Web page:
I say take a bow.
-SJ

Manifesto Joe said...

SJ, good points as always:

But one thing that strikes me is the track record of the group in between, born roughly 1925-1942, once popularly known as The Silent Generation.

This was a term coined by Time magazine, I think, to describe highly conforming types who came of age just after WWII. In 1953, the year I think it was that Time did that piece, it seemed an apt description.

But, let's review who was born during that time frame:

Martin Luther King Jr. 1929
Jesse Jackson 1941
Muhammad Ali 1942
Medgar Evers 1925
Caesar Chavez 1927

That's only a few names, but it's a pretty good civil rights grouping, don't you think? They actually comprised most of the "foot soldiers" of that movement, the ones who learned nonviolent tactics and took truncheons up side the head -- when they were lucky.

Musicians who changed music, and even the world:

Bob Dylan 1941
Paul Simon 1942
Grace Slick 1939
Jerry Garcia 1942
Buddy Holly 1936
Joan Baez 1941
Frank Zappa 1940
Marvin Gaye 1939
Jimi Hendrix 1942

General counterculture figures:

Ken Kesey 1935
Dennis Hopper 1936
Peter Fonda 1939
Jane Fonda 1937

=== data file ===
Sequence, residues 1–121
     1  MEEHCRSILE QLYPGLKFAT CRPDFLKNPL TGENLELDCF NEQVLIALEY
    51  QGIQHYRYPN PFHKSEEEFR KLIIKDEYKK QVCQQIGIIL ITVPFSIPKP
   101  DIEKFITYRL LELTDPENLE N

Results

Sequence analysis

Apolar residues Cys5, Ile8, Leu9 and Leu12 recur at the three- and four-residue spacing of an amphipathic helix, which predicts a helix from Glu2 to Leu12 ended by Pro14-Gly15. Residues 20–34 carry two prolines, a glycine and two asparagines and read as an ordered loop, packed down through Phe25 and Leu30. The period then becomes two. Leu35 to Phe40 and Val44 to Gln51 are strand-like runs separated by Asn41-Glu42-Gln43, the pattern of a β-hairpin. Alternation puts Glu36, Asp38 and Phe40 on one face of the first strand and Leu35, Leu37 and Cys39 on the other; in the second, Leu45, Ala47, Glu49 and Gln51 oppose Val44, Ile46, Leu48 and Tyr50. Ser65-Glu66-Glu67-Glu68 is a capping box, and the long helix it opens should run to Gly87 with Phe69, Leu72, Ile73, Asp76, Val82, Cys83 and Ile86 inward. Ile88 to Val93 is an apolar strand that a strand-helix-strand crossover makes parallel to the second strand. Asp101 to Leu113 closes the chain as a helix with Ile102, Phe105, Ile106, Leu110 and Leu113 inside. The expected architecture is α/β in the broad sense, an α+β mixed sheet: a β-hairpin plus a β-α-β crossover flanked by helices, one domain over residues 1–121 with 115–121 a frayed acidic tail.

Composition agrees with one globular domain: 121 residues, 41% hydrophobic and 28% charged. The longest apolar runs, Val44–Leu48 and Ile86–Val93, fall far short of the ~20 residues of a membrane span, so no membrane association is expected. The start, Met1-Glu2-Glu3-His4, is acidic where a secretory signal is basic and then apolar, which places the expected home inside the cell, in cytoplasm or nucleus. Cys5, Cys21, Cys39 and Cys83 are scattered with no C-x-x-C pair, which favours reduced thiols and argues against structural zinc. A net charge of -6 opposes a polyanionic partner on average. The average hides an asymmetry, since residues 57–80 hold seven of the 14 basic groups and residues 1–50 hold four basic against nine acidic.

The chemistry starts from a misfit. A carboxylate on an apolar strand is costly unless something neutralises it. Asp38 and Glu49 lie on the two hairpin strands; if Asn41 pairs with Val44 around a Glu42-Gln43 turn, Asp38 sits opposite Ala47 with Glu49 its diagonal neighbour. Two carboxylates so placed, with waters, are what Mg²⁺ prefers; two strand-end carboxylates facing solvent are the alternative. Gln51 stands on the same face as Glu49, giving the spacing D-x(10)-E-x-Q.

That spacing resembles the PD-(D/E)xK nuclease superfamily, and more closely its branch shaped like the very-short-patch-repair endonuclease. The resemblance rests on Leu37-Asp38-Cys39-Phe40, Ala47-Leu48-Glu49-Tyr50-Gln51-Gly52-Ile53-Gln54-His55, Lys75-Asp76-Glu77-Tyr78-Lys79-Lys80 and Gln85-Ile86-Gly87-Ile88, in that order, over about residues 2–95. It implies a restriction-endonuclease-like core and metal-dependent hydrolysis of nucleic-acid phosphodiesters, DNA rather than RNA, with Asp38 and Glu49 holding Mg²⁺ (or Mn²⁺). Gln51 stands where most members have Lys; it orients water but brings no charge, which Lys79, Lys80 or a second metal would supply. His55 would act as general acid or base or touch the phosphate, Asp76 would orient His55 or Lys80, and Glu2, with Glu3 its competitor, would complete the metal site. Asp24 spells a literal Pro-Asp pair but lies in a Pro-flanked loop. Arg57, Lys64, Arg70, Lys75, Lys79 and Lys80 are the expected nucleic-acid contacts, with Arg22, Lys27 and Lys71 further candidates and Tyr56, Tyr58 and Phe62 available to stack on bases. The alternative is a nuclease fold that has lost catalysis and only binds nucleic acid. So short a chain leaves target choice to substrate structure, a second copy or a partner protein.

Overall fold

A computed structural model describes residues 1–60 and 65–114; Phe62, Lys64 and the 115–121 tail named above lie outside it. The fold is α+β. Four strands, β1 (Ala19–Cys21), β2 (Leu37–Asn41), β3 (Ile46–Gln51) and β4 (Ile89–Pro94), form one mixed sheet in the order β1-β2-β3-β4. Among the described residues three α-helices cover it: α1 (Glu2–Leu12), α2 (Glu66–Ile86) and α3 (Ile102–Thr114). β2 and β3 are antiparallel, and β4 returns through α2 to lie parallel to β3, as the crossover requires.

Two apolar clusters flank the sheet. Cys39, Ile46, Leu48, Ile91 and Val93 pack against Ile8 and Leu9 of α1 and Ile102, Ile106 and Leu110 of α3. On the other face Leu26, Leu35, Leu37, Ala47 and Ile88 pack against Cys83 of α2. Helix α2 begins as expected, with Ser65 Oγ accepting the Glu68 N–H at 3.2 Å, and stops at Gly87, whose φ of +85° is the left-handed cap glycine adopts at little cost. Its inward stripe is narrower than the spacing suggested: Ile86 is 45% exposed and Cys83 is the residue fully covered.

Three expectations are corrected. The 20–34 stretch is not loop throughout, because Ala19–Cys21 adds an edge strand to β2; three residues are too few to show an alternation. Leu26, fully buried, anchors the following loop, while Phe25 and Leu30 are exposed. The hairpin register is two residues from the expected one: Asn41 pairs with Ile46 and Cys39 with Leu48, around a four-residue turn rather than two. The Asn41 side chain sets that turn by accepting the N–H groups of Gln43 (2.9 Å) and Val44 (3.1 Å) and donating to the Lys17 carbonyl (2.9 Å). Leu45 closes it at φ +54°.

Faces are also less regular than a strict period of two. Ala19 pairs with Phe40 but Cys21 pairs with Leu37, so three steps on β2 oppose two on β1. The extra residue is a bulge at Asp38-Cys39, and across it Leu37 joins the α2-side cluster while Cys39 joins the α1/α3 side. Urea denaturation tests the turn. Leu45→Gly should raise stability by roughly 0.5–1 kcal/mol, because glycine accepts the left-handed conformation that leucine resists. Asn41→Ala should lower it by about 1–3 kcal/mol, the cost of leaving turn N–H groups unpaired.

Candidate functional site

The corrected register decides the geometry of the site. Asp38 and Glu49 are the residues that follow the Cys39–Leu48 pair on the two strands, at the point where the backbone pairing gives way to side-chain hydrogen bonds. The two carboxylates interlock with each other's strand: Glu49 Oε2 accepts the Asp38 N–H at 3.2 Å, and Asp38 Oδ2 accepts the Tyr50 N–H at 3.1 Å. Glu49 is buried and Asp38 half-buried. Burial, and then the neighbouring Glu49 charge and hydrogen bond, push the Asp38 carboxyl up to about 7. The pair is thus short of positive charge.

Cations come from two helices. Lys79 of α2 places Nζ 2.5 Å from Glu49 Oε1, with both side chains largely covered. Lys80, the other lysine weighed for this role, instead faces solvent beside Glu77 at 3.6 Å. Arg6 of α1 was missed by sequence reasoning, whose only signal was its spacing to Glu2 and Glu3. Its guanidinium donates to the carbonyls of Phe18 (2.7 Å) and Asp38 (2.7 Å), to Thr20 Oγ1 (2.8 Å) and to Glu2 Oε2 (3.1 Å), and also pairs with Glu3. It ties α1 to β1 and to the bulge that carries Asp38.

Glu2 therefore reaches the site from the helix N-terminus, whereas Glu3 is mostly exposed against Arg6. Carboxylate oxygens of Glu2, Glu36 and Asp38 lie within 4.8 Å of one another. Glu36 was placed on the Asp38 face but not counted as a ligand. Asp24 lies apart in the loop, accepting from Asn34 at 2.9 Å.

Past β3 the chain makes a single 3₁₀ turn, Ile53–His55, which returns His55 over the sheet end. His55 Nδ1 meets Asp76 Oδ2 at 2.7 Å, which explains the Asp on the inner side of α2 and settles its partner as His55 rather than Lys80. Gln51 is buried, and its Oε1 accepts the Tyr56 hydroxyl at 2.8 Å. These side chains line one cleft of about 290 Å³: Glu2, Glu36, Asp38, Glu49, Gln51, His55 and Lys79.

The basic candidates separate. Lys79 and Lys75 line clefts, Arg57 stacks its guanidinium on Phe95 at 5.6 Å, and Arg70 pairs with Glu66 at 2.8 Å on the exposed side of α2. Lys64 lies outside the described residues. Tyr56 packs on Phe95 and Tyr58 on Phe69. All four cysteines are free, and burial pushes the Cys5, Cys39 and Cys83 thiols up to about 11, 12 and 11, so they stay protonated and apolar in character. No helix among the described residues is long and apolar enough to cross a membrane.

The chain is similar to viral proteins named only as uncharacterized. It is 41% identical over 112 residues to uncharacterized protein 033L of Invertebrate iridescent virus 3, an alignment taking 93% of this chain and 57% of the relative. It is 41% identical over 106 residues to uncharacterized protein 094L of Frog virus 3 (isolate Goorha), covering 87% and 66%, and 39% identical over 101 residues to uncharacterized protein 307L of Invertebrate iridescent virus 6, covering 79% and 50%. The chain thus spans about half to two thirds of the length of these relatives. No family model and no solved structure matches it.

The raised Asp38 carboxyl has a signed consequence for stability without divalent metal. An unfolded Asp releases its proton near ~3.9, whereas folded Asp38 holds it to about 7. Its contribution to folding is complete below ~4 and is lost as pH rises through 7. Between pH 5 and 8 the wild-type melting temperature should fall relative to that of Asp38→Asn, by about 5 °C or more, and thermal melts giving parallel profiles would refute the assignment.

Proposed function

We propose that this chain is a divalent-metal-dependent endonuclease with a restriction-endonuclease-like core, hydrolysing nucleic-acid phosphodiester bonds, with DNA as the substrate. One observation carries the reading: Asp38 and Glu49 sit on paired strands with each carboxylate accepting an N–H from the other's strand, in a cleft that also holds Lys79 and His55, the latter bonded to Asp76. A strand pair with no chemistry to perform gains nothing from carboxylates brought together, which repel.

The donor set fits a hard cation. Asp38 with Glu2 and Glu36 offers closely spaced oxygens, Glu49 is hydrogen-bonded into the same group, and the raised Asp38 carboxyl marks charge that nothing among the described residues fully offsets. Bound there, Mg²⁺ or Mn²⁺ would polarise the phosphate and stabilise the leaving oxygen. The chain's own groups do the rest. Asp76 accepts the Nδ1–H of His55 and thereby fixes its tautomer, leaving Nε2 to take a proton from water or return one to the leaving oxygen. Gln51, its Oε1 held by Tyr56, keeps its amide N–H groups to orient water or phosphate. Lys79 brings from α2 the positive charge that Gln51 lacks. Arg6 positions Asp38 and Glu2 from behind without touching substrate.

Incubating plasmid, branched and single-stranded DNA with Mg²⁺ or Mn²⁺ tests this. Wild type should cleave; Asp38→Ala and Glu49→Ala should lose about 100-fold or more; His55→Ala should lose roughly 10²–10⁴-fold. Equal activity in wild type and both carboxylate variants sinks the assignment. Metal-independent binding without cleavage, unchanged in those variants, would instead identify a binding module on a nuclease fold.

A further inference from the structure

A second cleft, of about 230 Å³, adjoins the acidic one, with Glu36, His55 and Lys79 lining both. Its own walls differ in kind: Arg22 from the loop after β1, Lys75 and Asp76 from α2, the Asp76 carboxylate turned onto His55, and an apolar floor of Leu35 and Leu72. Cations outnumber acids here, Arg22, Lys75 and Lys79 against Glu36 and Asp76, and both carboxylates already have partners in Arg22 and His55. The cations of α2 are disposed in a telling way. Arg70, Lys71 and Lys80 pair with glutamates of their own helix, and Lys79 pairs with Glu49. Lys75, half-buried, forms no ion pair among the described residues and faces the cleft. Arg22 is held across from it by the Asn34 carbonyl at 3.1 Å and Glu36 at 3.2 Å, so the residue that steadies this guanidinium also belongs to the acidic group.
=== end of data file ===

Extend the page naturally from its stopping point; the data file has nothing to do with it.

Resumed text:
Jack Nicholson 1937
James Dean 1931
Neal Cassady 1926
Allen Ginsberg 1926

Technically, there's not a Boomer among them. Anyway, the "Silents" later turned out to have a voice that echoed across generations past and future. Just goes to show, you never can tell.

Anonymous said...

re:
"They grew up during the cushiest times ever."

Well, depends on who you were. If you were white and middle-class, I'd agree. But if you were black and growing up in, say, Watts, I don't think times were too cushy.

Manifesto Joe said...

Anon:
As I said in my lead, I was dealing in the broadest generalizations. Personally, I grew up working-class Anglo in the brush country of South Texas. We weren't well off, and there were people worse off -- and I knew them. Mostly, they were people whose skin was brown, and often whose first language wasn't English. But I was referring generally to majority white people in "heartland" America. The Boomers who grew up "there" mostly couldn't conceive of what this country was like in 1932, nor would they have expected it to turn into what it is now.

Manifesto Joe said...

Actually, that reminiscence just made me think of something that illustrates the culture gap between people like me and the rest of America.

That logo that use use for Mozilla Firefox -- my wife assures me that it's a fiery red fox.

It looks to me like the wild hogs that, in South Texas, we called javelinas. It don't look like no fox I ever seen. Looks like a wild pig, vato!

SJ said...

@Manifesto Joe,
no one could argue with that roll call on civil rights, but I would suggest that the rank and file people in those marches (the photos and film footage I grew up watching) were younger and were Boomers by and large, my mother's generation and yours. The young boomers are the overwhelming anonymous population in those photographs of the period and we'll never know their names, there were too many of them. At the marches, that earlier (born pre 1946) generation represents a very obstinate staus quo at the time, their great contributions not withstanding.